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Details of a frost lens proof structural pier (C) Daniel FriedmanBuckled Foundation Damage
Frost Heaves vs. Frozen Soil Pressures

  • FOUNDATION DAMAGE by ICE LENSING - CONTENTS: definition of ice lensing; how ice lensing can lift a post, pier or foundation wall. Distinguish between ice lensing damage to foundations and frost push or frozen soil horizontal pressure on a foundation wall.
  • POST a QUESTION or READ FAQs about frost heave vs. frozen soil lensing damage and pressures and their effects on footings, foundations & posts or piers
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Foundation damage due to frost heaves or ice lensing:

Here we explain the difference between the vertical lift of frost heaves and ice lensing (or frost lenses) and we include details of the construction of a frost-lens-proof structural pier, and we provide data on the amount of soil pressure and expansion exerted by water and freezing.

This article series explains of the the causes of foundation cracks, buckling, or collapse in areas of freezing weather, clay soils, or wet soils.

Photo (above) shows a crew constructing a structural pier (in clay soils) that successfully resists ice lens lifting in Two Harbors, Minnesota.



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Frost Heaves Compared with Frozen Soil Impacts on Foundations

Stage construction, Lon Church, Summerblue (C) Daniel FriedmanFound here: Details of an ice-lens-proof structural pier construction in Minnesota. Can foundation insulation cause cracked, bulged, or buckled foundation walls?

What is the difference between ice lensing and freezing earth pressure? How much pressure is exerted by wet, freezing soil? How do we prevent foundation damage - key steps.

Article Contents

There are two distinct problems associated with frozen ground and its effects on building foundations: frost heaving and pressures from frozen soils.

Details About Ice Lenses in Soils

Frost heaving is what makes roads buckle during the winter in many northern states and provinces.

It is caused by small plates of ice called ice lenses that form a foot or more below the surface. Ice lenses draw water from surrounding soil by capillary action, typically growing up to 1/4 inch to 2 inches in thickness and up to several feet across.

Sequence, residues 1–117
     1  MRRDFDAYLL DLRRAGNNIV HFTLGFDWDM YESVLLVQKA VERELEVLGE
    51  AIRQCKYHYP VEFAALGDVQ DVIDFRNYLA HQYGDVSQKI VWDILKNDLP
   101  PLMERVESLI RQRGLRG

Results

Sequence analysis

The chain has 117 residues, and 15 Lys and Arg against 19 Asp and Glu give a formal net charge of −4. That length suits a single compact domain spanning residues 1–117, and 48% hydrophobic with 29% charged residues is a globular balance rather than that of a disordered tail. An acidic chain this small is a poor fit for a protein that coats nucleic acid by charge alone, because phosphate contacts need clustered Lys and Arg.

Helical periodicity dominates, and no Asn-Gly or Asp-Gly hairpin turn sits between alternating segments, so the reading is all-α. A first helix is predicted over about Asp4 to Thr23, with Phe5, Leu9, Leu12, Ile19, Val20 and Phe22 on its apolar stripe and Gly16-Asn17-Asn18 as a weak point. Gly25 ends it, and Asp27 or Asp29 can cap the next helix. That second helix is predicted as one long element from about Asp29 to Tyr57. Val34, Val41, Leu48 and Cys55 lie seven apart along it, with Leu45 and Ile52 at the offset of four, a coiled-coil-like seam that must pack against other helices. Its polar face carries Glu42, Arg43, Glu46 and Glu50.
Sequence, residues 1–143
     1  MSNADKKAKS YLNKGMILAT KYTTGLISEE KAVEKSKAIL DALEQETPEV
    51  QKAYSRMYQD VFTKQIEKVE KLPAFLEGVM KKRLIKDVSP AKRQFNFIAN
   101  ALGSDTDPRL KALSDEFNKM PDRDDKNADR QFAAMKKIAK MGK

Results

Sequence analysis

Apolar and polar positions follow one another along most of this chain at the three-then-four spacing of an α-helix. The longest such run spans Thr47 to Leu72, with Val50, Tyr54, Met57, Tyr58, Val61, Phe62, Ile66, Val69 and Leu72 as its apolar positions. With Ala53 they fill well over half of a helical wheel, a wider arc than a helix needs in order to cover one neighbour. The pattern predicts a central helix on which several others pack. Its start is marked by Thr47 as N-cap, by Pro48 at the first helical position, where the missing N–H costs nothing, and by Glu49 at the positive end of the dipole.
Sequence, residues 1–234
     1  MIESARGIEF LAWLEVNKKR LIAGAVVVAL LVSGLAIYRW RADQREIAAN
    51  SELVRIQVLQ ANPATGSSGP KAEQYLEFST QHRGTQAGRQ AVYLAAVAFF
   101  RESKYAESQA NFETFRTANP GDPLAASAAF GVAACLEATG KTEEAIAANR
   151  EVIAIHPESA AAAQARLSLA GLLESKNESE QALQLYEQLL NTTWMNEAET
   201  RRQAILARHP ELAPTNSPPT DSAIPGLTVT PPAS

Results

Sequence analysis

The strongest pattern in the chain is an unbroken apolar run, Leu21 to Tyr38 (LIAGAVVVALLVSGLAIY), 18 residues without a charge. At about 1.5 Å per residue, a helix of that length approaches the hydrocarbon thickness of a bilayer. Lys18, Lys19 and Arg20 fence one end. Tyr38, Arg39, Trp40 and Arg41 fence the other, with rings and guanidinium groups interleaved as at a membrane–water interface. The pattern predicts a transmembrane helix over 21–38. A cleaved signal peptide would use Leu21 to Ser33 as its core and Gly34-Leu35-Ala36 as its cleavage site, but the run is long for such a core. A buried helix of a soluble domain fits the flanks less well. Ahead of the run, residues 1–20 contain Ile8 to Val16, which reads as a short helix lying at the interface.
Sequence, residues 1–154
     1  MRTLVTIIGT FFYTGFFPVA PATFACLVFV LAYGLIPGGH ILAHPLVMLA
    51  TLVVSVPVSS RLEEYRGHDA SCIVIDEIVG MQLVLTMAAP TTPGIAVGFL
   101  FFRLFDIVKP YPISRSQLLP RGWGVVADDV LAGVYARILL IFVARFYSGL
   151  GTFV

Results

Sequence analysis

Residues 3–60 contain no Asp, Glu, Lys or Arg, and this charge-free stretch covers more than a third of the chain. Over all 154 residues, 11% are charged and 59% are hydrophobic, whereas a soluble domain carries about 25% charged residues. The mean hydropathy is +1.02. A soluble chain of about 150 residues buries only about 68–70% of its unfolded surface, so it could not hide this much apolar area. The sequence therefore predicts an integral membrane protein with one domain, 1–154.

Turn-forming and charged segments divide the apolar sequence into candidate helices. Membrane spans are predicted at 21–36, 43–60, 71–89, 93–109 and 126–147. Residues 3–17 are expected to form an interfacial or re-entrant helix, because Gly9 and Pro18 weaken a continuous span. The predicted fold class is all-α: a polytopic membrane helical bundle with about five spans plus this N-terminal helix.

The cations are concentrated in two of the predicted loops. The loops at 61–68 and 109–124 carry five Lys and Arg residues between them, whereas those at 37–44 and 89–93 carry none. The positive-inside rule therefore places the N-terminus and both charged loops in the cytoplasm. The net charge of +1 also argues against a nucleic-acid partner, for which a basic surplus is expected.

Often frost lenses form in multiple layers, adding to the total soil movement in an upwards direction. Ice lenses form in porous silts and also in clays that can support capillary action.

They need extreme cold, combined with a subsurface water source - that water might come from ground water, surface runoff, or even roof runoff around a building. Roads and sidewalks are good candidates for frost heaves because melted snow provides a good water source as well, and frost can penetrate deeply into the soil because roads and sidewalks are cleared of their insulating snow cover.

Where the direction of heat loss is upwards to grade, ice lenses form horizontally. In these cases, ice lenses push mostly upward, not laterally. Theoretically, a frost heave could lift a building foundation wall or a pier if the soil above the ice lens were frozen to and adhered to the foundation wall or pier surface.

Healy has seen concrete piers for highway sign posts lifted as much as an inch per year by frost heaving, but he has never seen frost do structural damage to foundations.

Where the direction of heat loss is horizontal, as through a retaining wall or the wall of a frozen basement, ice lenses could form in the vertical plane and push laterally.

Constructing a Frost-Lens-Push-Proof Stage for Summerblue Arts Camp in Two Harbors, Minnesota

Stage construction, Lon Church, Summerblue Summer Blue Arts Camp Two Harbors Minnesota (C) Daniel FriedmanIndeed frost lenses or ice lenses can lift a building foundation by adhesion to the foundation sides, especially at a a building corner.

We (DJF) observed this condition at a 1960's home in Poughkeepsie, NY, where a building corner was lifted each winter by freezing wet ground.

Even though the wall's footings were below the frost level, ice lensing against the top few feet of the buried portion of the foundation wall was causing an annual movement problem that cracked the masonry blocks in a stair-step pattern at the building corner, and cracked the drywall in the bedroom above.

The owner dug at the problem corner, found a ground water source, a spring, and cured by installing drainage to remove the water problem.

Soil frozen against a foundation wall or a pier, or ice lenses where there is a lot of ground water, can also pinch and lift piers and posts.

When Lon Church, director of Summer Blue Arts Camp - [link at article references] in Two Harbors, Minnesota, decided in 2001 to construct an outdoor stage platform that would be exposed to both clay soils and very cold weather, we wrapped the platform's piers in several layers of 6-mil polyethylene plastic to reduce the ice grip around each pier, thereby reducing the ability of ice lenses in the freezing soil to lift the piers supporting the stage.